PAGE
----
A campaign to scrap new baseline tests for four- and five-year-olds to be taken in the first few weeks of their starting in reception class has been launched.
Ministers believe the new tests – which will measure things such as pupils’ ability to count, recognise letters, numbers and everyday objects – are vital to track children’s progress in primary school.
Opponents of the plan – due to be trialled in schools this September before being introduced nationally the following year – argue that the “tests” will introduce children to too formal a learning atmosphere at too early an age at a time when they do not have the necessary concentration span.
Early-years campaigners have launched an online petition – attracting more than 500 signatures in its first two days – calling for its withdrawal. The National Union of Teachers is also calling for a ballot on boycotting the tests, at its annual conference.
Dr Richard House, chartered psychologist and former senior lecturer in early childhood at Winchester University, who has founded the “Too Much, Too Soon” campaign dedicated to opposing the early-years checks, described the proposal as an “unwarranted dragooning of young children into institutional schooling that is then generating the need to assess them”.
“Michael Gove may have gone, but his reactionary nostalgia for some bygone age of rigid discipline and an education system that drills children into obedient compliance, ready to be fodder for the economic system, is alive and kicking.
“We mustn’t be fooled by the warm and fuzzy sounds and smiley faces that have temporarily replaced the zealots in the Department for Education – the iron fist is still there, if temporarily hidden, and will no doubt emerge again immediately if the current Government is returned to power in May.”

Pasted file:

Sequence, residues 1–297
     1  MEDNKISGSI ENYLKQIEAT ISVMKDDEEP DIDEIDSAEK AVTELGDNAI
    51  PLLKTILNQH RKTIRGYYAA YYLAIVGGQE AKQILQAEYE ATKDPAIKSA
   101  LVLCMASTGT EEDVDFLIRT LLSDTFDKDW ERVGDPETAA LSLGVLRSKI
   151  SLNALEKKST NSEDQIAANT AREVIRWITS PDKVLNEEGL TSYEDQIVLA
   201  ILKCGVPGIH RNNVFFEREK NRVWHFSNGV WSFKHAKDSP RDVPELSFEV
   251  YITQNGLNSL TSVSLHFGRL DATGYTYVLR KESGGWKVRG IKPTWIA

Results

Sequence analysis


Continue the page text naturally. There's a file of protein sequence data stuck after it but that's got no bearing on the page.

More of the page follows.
Petition signatories include Professor Cathy Nutbrown, head of Sheffield University’s School of Education, and Julian Grenier, head of Sheringham Nursery School and Children’s Centre in Newham, east London, and Helen Moylen, co-author of Development Matters.
“Baseline assessment was introduced in the late 1990s and scrapped... because it was not effective,” Professor Nutbrown said.
The petition being sent to the Education Secretary, Nicky Morgan, urges her to scrap the plans. The campaigners want ministers to stick with the current programme of producing an Early Years Foundation Stage Profile as a measure of children’s progress at the end of their nursery setting.
Beatrice Merrick, chief executive of Early Education, said the plans “would subject children who are not yet of statutory school age – some barely past their fourth birthday – to assessments in the name of accountability so schools can demonstrate the ‘value’ they add between reception and Year 6 [for 11-year-olds].”
“However, the proposed assessments are not a reliable or valid source of data and ... for many the process could be harmful.”
Supporters of the tests say they will give teachers an insight as to what children are capable of but they will also help measure how much individual schools improve their pupils’ performance. The results can also be used to better rank schools in performance league tables and, say supporters, help identify those “in need of intervention”. Supporters include chief schools inspector Sir Michael Wilshaw, who has argued the “best nurseries” are those that frequently assess their children.
An Education Department spokeswoman said: “We want to see all children leaving primary school with a good standard of reading, writing and maths, and teachers agree that measuring progress is the best way to ensure schools are doing this. There is absolutely no suggestion of introducing the kind of formal testing in reception used with older children – that would be completely inappropriate”.
The baseline assessments have been submitted for evaluation by the Standards and Testing Agency.